Anyway, let's assume we don't mind repeating ourself and stick with a chore representing "Clean Bobby's Room" and we'll just create another chore for "Clean Sally's Room". With that assumption, Let's look at types of actions we want to perform:

  • CREATE: We create a chore (description and frequency) and assign a user to it

  • READ: We return a chore (description and frequency) along with the assigned_user, the date of completion, the user who completed it.

At this point I start to wonder: How does date of completion and user who completed it work with a recurring chore? If we only care about the last person to complete the chore, then this would be fine. I suspect though, that paying allowance once a week means we want to see each time a daily chore was completed and who completed it. So let's try again:

  • READ: We return a chore (description and frequency) along with the assigneduser and a list of dates of completion tied to who completed it at that point in time.This introduces a new model requirement. we need to be able to do something like @chore.completion_events (as I said, naming is hard... there's probably a better name than completionevents) so now we have a new endpoint:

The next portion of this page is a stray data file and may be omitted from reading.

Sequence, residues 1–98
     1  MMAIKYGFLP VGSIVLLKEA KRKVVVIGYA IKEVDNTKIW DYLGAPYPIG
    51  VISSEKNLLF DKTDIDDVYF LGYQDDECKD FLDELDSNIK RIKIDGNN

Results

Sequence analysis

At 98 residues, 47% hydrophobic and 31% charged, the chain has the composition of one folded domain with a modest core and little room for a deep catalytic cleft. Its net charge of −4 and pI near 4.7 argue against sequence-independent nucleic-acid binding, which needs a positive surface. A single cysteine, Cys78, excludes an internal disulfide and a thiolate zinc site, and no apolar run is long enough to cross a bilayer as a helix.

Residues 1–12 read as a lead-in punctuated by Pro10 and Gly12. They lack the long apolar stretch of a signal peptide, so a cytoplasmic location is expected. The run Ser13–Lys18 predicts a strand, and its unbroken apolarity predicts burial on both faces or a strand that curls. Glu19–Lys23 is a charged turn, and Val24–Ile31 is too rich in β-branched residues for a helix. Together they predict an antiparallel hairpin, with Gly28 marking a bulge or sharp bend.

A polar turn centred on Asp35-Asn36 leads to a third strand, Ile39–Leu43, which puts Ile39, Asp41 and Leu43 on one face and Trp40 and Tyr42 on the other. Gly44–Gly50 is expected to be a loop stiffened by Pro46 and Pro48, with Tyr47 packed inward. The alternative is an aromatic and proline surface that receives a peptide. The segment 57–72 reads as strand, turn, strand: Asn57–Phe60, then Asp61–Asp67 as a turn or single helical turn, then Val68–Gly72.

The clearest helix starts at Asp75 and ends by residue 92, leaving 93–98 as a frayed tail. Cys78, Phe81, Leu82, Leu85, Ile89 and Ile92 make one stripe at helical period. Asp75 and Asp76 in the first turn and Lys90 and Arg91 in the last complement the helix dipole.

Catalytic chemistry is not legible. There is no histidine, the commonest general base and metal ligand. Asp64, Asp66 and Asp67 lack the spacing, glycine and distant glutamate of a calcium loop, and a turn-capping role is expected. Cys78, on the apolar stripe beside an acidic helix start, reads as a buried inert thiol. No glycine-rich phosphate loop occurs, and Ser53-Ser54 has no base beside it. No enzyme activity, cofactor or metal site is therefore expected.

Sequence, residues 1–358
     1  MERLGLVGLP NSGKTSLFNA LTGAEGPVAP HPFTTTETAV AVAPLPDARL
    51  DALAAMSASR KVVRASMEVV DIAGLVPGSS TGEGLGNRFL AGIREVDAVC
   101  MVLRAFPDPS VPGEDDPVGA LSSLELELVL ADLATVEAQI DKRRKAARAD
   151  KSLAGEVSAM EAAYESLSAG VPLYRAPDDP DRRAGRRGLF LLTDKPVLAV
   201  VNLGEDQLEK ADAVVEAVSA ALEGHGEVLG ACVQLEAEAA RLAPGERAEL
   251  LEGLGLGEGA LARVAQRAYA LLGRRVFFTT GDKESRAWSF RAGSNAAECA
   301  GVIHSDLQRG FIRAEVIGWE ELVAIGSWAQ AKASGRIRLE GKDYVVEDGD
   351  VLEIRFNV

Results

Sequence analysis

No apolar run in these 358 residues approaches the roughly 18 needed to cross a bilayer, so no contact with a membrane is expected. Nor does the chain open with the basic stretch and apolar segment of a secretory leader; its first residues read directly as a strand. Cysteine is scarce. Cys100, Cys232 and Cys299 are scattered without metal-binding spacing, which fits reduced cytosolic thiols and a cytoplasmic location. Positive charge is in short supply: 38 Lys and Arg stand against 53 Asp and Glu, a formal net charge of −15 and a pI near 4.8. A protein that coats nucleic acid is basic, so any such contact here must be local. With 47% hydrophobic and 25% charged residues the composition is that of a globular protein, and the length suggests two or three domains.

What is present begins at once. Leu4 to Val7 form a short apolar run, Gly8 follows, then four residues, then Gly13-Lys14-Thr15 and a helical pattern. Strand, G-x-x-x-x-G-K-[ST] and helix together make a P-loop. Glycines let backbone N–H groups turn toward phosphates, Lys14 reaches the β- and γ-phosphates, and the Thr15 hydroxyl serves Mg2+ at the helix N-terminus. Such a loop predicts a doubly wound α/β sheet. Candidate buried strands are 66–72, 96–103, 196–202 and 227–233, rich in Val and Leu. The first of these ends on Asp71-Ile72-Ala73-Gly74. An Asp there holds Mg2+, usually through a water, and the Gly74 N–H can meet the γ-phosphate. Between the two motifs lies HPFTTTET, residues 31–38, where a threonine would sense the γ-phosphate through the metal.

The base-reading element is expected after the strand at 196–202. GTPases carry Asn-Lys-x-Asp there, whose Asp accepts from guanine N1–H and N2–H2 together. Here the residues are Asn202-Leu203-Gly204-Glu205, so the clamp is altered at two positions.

/chores/1/completion_events

with actions CRUD, where we have a user and a completion date assigned to it. For index, we will probably want to be able to query on a date range, giving us the answer to the question "Who took out the trash in the last 7 days?" and other similar questions.

  • UPDATE: Since the act of completing a chore is now accomplished by creating a CompletionEvent, we only use update on chores to update the description and the assignee.

  • DELETE: Pretty straightforward.As we continue to our other endpoints, it looks like we've answered most questions.

/users/1/assigned_chores will be a list of chores with user_id = 1. I would make this just an Index action, and leave CRUD up to the /chores endpoint.

/users/1/assigned_chores/{daily,weekly,monthly} are going to be extra routes pointing to /users/1/assigned_chores and setting a param for frequency or something that can be used to filter the query. This will then also be an index only action. Now that I think about this, these routes seem superfluous. Probably aren't needed.